The environment GM John Schneider and coach Pete Carroll have created means there is no laziness for those who hope to stay on the roster.
RENTON — In the early days, John Schneider and Pete Carroll used to dream. They wanted to rebuild the Seahawks franchise with smart, tough and reliable football players. Five years ago, they looked up to the maulers of that time, the Pittsburgh Steelers and Baltimore Ravens, and aspired to match their physical styles of play.
They pursued as many hard-nosed athletes as they could find. The result is what we now see: The most relentless and physically imposing team in the NFL, characteristics that have lifted the Seahawks to back-to-back Super Bowl appearances. They are Seahawks Tough, if you will. They have an identity, and it helps focus the front office on what it’s looking for in just about every player acquisition.
But as much as this gives the Seahawks clarity about how to add to their team, it also creates an interesting challenge. They have such an intense, rugged and ultra-competitive roster that they must be extremely thoughtful about the players they bring in, especially in the draft.
During the 2015 NFL draft next week, Schneider hopes to do his best at identifying talent that has the right mentality to fit into the Seahawks’ culture. It’s not easy, he says. He admits that, over the past few years, the Seahawks have had some draft miscalculations not because the players weren’t good enough, but because they weren’t ready to handle the heat the Seahawks apply.
Most Read Sports Stories
- UW Huskies LB M.J. Tafisi returns to Seattle with teammates after suffering scary injury
- Instant analysis: Three impressions from the UW Huskies' bounce-back win over Arizona
- Seahawks tight end Will Dissly suffers 'serious' Achilles injury in win vs. Browns WATCH
- Sports on TV & radio: Local listings for Seattle games and events
- How the Seahawks can position themselves atop the NFC by the end of the weekend | Analysis
On Sundays, the Seahawks are typically a loose and focused team that performs with great effort. They haven’t been blown out in four years. They’ve won 75 percent of their games since Russell Wilson became their quarterback. If you’re going to beat the Seahawks, you had better prepare to endure a grueling 60 minutes of football.
To reach that level of consistent tenacity, the Seahawks have taken Carroll’s “Always Compete” mantra to heart. The emphasis on competition is a daily grind. Though Carroll is a positive coach who sprinkles in plenty of fun, he is demanding. And as he enters Year 6 in Seattle, he has veteran players who reinforce his philosophies. If newcomers lack toughness, or aren’t used to fighting for everything, they will be overwhelmed. Some adjust. Some flounder.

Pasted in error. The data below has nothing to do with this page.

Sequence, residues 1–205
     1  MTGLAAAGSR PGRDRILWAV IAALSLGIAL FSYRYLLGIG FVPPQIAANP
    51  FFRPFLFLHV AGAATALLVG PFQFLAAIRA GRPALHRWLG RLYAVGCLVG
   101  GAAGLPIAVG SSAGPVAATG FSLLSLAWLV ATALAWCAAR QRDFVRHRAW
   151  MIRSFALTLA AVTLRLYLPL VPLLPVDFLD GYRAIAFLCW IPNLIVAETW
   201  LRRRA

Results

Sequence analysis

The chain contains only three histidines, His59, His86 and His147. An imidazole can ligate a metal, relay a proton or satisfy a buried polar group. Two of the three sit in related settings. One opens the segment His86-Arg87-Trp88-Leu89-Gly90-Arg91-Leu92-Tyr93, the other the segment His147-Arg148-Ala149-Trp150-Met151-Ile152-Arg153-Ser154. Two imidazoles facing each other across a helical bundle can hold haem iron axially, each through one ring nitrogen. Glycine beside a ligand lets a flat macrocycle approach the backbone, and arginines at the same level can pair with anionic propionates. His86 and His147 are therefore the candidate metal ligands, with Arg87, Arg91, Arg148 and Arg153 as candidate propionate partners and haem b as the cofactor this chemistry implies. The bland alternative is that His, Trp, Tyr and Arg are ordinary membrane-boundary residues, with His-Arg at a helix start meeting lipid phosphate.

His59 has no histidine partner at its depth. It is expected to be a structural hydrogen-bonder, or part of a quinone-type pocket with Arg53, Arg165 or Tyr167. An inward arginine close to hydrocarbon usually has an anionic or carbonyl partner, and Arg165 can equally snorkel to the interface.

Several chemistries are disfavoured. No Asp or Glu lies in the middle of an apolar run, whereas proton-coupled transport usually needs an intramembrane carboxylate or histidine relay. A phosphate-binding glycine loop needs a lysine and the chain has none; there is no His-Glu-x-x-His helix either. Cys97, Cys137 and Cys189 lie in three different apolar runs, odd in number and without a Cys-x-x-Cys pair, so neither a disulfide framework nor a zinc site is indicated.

There’s no such thing as being brought along slowly, not even for the reserves. The roster is too deep. The players are too ambitious.
You must love football to play on this team. You can’t love just the fame, or the money. You can’t just be a gamer. If you have a passion deficiency, you will be exposed.
As an example, Schneider mentioned the Legion of Boom, the Seahawks’ great secondary, where Richard Sherman, Earl Thomas and Kam Chancellor are All-Pros, and the standard is for every player to develop into a starting-caliber cornerback or safety.
“You have to have some unique qualities about you to be able to compete with those guys,” Schneider said. “The same thing on the opposite side of the ball when you talk about the receivers now. They’re going against those guys all day, so they can’t blink. They can’t back down, so you have to be able to get those questions answered along the way: ‘OK, this guy’s not going to back down. He’s going to compete every day.’ ”
When you evaluate the Seahawks’ recent drafts, you have to consider the Seahawks Tough factor. They’re so well stocked that it’s difficult for a rookie to come in and find playing time. Justin Britt, who started at right tackle as a rookie last season, is the only player in the past two drafts to start immediately. While the perception has been that the Seahawks’ past two drafts haven’t been as good as the first three of the Carroll/Schneider era, you can’t simply look at the picks and their productivity thus far in a vacuum. You have to consider how impossible it would be for any rookie to beat out some of these players.
But Schneider admits to some miscues. He won’t name specific players because he doesn’t want to embarrass anyone. He will say that “there are a couple of guys” over the past few drafts who are legit NFL players but just couldn’t hack it in the Seahawks’ world. It’s an adjustment that he and his scouts have had to make.
“We’ve learned a ton along the way,” Schneider said.
Now Schneider seeks to improve at identifying players who have the mentality to thrive while competing with the likes of Michael Bennett, Doug Baldwin and Bobby Wagner every day. It’s just another important category on a long checklist. It requires even more research into players, including utilizing the talents of the team’s well-regarded sports psychologist, Dr. Michael Gervais, and others. The Seahawks talk often about being a “mindful” organization. Carroll talks about “relationship-based coaching.” One of the keys to the Seahawks’ success is the ability to decipher what their players are made of, so that they can get the best out of them. That approach extends to potential players.
“There’s no golden wand or anything to just put it in somebody and find out what they have in their heart, what’s going to drive them and what’s going to be their passion,” Schneider said. “You have to be able to have all the information you can possibly have.”
The extra information is vital because you can no longer be a Seahawk without the requisite mental and physical toughness.